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View Full Version : My new favorite room (other than, of course, my shop)



Malcolm Schweizer
04-04-2019, 1:06 PM
I wanted to share this latest project. I brought back some very special items to me from my family's estate, and I have created a sanctuary of sorts where I can sit, have a cup of coffee, pray, and relax. I am really happy with how it came out.

The centerpiece is the painting of my great grandmother, and below it is the chair she is sitting in, which was recovered to match the original fabric perfectly. Above that, I built a shelf and painted it to match the frame for the painting. (** Please note that this house was built to fit the lot, and so the walls of my house are not 90 degrees. The walls angle out to the right of the painting, which makes everything difficult!) Sorry that I took the picture before touching up a few patches in the wall, which are now fixed. On the shelf are the boat that my grandfather helped with in the late 1920's and the owner gave him the architect's model to thank him. Also one of his boat racing trophies from 1927.
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Ugh, I did rotate these images in my computer before posting, and they still show up sideways. Sorry.

Also in the windows are two stained glass windows that were made by Bill Baxtrom in Columbus, MS, who trained me in stained glass making, and my father bought a number of his work and had it stored in the attic. The very first piece I ever made was a tiny version of this window with a much simpler fleur de lis that Bill showed me how to make because it uses a lot of elements- inside curves, outside curves, straight lines, and leaded glass. Mine was unfortunately stolen years ago. Both of these windows were made by Bill for a lady and she changed her mind about the color, so my dad bought them way back when- probably in the 1970's. Bill passed away many years ago. In order to hang the stained glass windows, I made some steel brackets that bolt to the sides and wrap around the bottom of the window so that they support it from the bottom- very important with leaded glass windows. The brackets extend up about 1" and have a hole into which the hanging strap is attached, and at the bottom (not yet installed when I took the picture because stupid me bought the wrong size of fastener) will be check straps to keep it from swinging in the wind. The one on the left has them, the one in the closeup doesn't yet because I bought two of the right size and two of the wrong size. :-)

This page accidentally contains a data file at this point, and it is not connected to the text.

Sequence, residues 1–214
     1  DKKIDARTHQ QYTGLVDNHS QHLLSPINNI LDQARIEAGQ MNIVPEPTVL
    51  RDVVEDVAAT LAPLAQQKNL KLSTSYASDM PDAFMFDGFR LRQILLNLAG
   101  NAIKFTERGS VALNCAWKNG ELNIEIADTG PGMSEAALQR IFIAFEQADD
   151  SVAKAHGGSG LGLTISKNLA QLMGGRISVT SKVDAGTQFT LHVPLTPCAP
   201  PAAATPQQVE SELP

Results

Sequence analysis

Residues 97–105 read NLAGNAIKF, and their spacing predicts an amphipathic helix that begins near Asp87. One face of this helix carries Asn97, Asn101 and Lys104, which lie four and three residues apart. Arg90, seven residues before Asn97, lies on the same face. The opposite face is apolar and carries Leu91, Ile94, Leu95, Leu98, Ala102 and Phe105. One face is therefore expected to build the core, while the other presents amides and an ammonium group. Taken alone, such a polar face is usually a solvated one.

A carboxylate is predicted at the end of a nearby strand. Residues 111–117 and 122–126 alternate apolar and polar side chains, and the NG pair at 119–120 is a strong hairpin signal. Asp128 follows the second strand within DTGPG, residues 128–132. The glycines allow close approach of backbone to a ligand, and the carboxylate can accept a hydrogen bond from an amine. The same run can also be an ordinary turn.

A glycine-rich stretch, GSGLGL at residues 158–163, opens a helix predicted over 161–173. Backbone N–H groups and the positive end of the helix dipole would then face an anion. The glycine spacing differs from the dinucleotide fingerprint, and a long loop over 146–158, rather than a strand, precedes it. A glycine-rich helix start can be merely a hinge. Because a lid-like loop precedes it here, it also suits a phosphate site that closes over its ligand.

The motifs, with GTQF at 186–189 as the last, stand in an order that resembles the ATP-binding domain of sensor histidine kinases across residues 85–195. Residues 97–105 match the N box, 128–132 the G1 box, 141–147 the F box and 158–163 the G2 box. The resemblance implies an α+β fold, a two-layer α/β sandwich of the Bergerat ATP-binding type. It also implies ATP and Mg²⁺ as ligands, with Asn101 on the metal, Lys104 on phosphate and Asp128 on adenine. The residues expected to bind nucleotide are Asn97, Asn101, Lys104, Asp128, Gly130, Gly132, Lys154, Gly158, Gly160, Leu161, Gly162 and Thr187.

To the right of the chair in the below picture is also a table that my grandfather built out of cherry. On the table is a cranberry water decanter and a bud vase that were favorites of my mom. We both collected cranberry glass and I gave her that decanter long ago. The bud vase currently holds a cutting from one of Amy's orchids. Growing orchids is one of her passions.
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In the adjacent corner is the Celtic harp that I built out of cherry, which my grandfather always used in his furniture building. Above that is a porcelain figure that my father brought back from Europe and my grandfather made an oval frame for it.

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My wife and her mom made the sheer panels for the windows to let in light but keep out mosquitoes.

I'm sitting in this room as I type, and I am so relaxed and so happy with being surrounded by these things and able to look up at any one of them and feel like I gave the artisan proper tribute, which is very important to me, and I figure a lot of you feel the same way about certain pieces, so I thought I would share my new favorite room.